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Double Dose of H1N1 Vaccine Given to 11 Children in Error

Cheryl Phillips's picture

Eleven children in Ontario, Canada were given a double dose of the H1N1 vaccine in what appears to be an error. This isn't the first issue with the rollout of the H1N1 vaccine in Ontario, but it certainly very concerning, especially to parents.

Ted Hedrich, who lives with his wife and daughter in Brampton, Ontario, spoke to the press about the double dose of H1N1 vaccine his three-and-one-half year old daughter received last Monday at the Indell Lane clinic.

Hedrich is questioning why the nurse who gave his daughter and ten other children double the recommended dose of the H1N1 flu vaccine is still giving out the swine flu shot.

Health officials have recommended young children only get half the adult dose initially. That recommended dose of the H1N1 vaccine is 0.25 ml for children and then another 0.25 ml several weeks later. Hedrich said his daughter was given 0.5 ml.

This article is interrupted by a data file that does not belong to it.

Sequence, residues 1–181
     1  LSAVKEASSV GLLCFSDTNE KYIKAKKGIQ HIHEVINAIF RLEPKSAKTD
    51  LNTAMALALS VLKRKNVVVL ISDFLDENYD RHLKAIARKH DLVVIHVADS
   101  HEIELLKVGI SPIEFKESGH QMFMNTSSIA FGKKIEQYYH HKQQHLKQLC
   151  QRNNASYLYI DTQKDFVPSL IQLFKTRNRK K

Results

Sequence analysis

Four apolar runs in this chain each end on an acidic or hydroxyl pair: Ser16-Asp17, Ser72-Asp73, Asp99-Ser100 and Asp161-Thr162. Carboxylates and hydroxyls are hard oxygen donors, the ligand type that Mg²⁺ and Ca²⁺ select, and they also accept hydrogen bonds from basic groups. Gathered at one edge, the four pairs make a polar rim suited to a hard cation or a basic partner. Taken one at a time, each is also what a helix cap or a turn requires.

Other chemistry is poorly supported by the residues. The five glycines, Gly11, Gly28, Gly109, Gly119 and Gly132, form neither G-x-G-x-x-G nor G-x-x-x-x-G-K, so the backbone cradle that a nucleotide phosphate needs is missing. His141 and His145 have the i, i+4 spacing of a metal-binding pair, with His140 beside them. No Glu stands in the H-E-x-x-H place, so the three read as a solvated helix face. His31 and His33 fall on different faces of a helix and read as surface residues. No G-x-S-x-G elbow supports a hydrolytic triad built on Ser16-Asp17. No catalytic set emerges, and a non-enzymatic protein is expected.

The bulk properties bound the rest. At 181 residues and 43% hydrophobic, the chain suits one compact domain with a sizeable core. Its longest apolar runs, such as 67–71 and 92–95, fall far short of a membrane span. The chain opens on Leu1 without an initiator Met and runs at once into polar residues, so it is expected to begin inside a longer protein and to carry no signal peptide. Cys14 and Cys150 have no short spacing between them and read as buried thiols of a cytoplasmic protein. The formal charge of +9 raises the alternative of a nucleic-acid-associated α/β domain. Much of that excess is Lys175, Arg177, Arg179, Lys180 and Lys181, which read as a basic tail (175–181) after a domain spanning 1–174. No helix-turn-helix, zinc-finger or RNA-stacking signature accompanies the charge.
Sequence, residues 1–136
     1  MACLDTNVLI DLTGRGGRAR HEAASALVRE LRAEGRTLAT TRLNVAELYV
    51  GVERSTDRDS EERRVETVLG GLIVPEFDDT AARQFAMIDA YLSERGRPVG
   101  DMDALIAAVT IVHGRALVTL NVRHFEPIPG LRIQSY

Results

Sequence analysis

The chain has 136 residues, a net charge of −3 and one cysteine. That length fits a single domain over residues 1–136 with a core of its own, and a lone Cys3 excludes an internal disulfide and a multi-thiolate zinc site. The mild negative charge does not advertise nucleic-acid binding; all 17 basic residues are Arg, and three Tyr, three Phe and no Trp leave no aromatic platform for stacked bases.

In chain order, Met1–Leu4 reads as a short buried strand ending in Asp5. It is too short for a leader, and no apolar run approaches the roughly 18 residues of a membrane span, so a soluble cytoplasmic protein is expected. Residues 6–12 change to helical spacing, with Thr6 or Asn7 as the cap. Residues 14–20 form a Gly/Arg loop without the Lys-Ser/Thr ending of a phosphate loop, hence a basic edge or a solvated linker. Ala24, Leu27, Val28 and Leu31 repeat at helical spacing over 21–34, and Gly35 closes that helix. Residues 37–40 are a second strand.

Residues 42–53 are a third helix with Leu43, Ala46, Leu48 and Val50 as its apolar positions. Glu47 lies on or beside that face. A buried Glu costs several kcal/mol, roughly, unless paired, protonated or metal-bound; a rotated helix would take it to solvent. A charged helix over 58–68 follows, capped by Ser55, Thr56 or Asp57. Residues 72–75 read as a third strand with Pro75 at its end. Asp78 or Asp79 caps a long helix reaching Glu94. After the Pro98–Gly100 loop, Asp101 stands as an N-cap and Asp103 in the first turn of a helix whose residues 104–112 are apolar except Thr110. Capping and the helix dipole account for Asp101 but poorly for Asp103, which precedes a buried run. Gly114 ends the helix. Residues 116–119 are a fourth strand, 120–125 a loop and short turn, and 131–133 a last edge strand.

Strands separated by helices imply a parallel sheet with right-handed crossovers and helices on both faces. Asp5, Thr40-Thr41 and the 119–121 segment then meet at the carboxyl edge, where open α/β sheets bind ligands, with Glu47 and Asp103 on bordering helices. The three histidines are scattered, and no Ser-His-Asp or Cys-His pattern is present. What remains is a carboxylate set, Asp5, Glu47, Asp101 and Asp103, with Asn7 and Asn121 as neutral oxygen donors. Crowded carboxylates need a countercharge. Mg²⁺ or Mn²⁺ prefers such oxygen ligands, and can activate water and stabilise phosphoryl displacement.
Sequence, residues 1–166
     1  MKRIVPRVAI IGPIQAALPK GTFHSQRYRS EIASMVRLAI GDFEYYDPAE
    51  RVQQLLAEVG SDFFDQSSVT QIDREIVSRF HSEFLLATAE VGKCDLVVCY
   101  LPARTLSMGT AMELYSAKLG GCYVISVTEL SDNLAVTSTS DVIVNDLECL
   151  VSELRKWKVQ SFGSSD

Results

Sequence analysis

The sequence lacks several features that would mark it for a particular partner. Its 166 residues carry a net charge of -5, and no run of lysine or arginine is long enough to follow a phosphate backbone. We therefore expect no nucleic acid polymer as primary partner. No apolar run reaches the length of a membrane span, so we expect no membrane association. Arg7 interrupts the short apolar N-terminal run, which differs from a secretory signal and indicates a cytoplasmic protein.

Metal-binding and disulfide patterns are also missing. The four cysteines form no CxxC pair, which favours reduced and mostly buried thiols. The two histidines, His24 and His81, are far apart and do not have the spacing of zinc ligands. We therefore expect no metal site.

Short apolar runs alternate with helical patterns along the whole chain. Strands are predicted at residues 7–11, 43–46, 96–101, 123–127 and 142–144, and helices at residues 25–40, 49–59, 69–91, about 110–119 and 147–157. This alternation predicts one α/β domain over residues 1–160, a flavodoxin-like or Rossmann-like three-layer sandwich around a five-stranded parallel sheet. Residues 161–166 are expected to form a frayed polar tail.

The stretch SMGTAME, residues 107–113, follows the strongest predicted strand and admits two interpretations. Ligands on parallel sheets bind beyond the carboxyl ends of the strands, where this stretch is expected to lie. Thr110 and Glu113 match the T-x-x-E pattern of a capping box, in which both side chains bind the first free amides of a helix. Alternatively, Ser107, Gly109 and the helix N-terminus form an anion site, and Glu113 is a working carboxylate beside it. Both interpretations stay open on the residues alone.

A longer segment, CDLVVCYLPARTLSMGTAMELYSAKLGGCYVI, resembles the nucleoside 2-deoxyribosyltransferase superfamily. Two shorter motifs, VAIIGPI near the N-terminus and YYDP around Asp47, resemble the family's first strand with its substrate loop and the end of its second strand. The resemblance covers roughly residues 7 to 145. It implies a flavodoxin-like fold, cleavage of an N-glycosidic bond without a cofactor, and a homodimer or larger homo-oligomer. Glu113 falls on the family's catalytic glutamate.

Peel Public Health contacted Hedrich on Thursday, three days after his daughter had the double dose of the H1N1 vaccine. He was told the nurse now has been retrained on the proper procedure.

A second Peel Public Health supervisor called Hedrich on Friday to express sympathy and ask how his daughter was doing, but didn't give him a formal apology, according to Hedrich.

Ted Hedrich took his daughter Selena to their family physician on Friday and was told to take his daughter for X-rays because she had a "slight rasp" in her chest. Hedrich mentioned that she hasn't felt well since getting the vaccine.

"Do not take for granted that just because somebody says they are a nurse or whatever, they're going to give you a shot, you ask about their qualifications and then you demand to see that the shot is the proper dose," Hedrich stated.

Dr. Kathleen Dooling, Peel Region's associate medical officer of health, said in a statement that there are no significant ill effects found for children at the higher dosage level. Peel Region is investigating how the error occurred and taking steps to ensure it is not repeated, she said.

Meanwhile, Ted Hedrich said he has sent emails to people he knows, advising them to be cautious when getting a needle, and check the dose themselves. He remains worried about what long-term effect the double dose of H1N1 vaccine could have on his daughter. He said he has consulted with his lawyer, but would not elaborate on whether he is considering any legal action.

Cheryl Phillips

Source: Yahoo, Canadian Press

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